How Poor Employment Relationships Can Lead to Consequences of Chernobyl Proportions?
When the Chernobyl series was announced on HBO, I was more than excited. After every episode, I was reading facts, interpretations, struggling to understand the science behind the accident with my limited knowledge of physics. Everything was so fascinating. So, what was the reason for one of the biggest ecological, nuclear catastrophes in human history?
While the series was based on historical events, certain things were imagined and added. The conclusion is that human errors and misjudgments are the main and only reason for the disaster. Right from the start in the first episode we can see the toxic working environment and the pressure those two younger engineers felt from their superior. Chief engineer Akimov forces his men to go and check the core of the fourth exploded reactor, even though other engineers told him that the core was gone. Not wanting to accept the worst scenario, he imposes his delusional opinion on others, thus risking the lives of thousands. Also, the fear of the communist regime played a major role in the delusional actions taken by the engineers and managers. We will never know for sure what really happened in that control room, although we know that there were many flaws in the reactor’s construction and many negligent mistakes from the authorities.
When it comes to the safety and health of the population, that kind of behavior is unjustifiable, but still, it has the same psychological mechanisms as our everyday encounters with our supervisors on a micro-level. And that mechanism is fear.
Some aspects of the management crisis of Chernobyl inspired me to think about how these employee-employer relations function on an everyday level. Oftentimes being bullied and a victim of mobbing, an employee can make mistakes he otherwise wouldn’t have made. Why is that so? Being bullied over a more extended period, people can easily become conditioned to a certain way of thinking and behavior. Afraid of causing or finding themselves in an argument, they avoid voicing their opinion even when it’s evident that the boss is making a mistake. It’s a kind of “The emperor’s new clothes” situation. You try to lay low and not to cause any disturbances. Again, and again you’ve been frightened with cuts on pay or lay-offs, so you fear for your existence.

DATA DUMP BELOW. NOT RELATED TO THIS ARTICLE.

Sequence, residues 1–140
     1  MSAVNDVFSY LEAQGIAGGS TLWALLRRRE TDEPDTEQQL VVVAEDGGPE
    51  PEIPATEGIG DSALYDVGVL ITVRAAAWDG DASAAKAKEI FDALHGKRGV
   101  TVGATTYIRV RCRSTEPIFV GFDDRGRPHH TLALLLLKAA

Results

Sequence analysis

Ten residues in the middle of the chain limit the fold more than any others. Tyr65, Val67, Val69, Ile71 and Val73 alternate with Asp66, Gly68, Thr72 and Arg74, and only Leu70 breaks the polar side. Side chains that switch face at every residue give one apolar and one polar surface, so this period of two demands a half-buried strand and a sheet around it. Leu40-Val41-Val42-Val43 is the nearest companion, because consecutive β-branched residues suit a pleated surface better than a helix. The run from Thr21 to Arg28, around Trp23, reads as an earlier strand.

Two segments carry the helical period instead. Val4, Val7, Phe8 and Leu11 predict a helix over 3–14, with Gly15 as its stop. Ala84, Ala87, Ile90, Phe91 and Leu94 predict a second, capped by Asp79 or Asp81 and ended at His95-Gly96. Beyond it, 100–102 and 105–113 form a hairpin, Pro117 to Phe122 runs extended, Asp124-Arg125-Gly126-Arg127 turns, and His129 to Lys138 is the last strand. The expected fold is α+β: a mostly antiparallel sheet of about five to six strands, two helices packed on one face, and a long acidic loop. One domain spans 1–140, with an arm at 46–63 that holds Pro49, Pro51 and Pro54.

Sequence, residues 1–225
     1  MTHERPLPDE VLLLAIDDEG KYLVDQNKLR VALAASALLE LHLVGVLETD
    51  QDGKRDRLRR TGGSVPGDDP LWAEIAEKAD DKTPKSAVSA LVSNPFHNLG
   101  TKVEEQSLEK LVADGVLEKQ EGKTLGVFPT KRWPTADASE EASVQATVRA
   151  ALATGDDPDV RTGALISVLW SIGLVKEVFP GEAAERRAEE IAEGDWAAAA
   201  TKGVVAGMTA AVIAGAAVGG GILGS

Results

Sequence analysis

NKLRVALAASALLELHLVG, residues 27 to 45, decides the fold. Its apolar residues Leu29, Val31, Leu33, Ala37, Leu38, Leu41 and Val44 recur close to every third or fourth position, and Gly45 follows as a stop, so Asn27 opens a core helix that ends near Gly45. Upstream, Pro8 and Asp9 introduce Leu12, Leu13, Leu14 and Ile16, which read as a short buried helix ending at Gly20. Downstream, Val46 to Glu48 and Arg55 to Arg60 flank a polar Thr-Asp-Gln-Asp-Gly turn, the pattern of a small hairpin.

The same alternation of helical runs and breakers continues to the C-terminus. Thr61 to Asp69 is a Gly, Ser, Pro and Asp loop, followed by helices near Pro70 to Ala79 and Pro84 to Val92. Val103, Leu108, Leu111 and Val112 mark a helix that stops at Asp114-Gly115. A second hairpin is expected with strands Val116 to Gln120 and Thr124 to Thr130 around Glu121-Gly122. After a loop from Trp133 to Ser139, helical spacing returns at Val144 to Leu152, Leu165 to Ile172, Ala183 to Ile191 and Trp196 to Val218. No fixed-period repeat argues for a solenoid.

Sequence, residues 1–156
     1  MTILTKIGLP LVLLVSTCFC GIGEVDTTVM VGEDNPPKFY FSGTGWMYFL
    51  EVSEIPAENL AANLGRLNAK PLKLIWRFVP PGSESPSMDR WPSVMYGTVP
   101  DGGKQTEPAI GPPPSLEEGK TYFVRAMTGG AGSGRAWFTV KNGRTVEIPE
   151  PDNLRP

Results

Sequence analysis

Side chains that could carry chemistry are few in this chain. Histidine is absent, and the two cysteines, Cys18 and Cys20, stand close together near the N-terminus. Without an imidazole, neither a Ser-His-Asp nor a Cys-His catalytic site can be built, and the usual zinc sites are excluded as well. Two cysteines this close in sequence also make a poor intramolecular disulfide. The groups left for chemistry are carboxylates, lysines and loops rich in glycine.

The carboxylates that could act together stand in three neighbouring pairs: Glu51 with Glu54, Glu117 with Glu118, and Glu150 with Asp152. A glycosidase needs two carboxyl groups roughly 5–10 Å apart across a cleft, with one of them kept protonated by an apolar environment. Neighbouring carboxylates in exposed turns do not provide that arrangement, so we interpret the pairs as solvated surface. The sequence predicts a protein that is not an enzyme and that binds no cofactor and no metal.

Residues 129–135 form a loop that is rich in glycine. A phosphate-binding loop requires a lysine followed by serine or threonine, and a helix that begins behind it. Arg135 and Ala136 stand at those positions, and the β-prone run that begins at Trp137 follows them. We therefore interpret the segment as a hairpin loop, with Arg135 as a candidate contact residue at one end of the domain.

Here’s one example of how this fear functions and how people avoid taking responsibility: “Armen Abajian, the director of one of the Moscow nuclear-power research institutes who had been dispatched to Pripyat as a member of the government commission, approached Shcherbina and demanded the city be evacuated. But according to government regulations adopted in the Soviet Union back in 1963, evacuation of the civilian population was not necessary unless the radiation dose accumulated by individuals reached the 75-roentgen mark. Calculations had shown that the intake might be about 4.5 roentgens per day with the current level of radioactivity. With the official threshold not yet met, Yevgenii Vorobev, the commission’s senior medical officer, was reluctant to take responsibility for ordering an evacuation.”
Why was Vorobev reluctant to order an evacuation? Even though he must have been aware he’s endangering the lives of many citizens, among them children. Again, the simple answer is fear. This culture of fear from our supervisors, directors, parents… drives us to make mistakes which we otherwise wouldn’t have made if we felt the freedom to choose and assess the situation.
The other day, my friend told me how sorry she was that she handled one situation at work so poorly. She realized that she was actually paralyzed from fear of a mistake, which paradoxically led her to misestimate the situation and make a mistake. Of course, it had nothing to do with endangering people’s lives, but she felt she would have managed it better if she weren’t so afraid in the back of her mind, listening to the criticizing voice of her boss.
We can take from these examples that inadequate communication and poor employment relationships can lead to consequences of ‘Chernobyl proportions.’ Therefore we need to build a climate for normal, constructive relations between co-workers and leaders.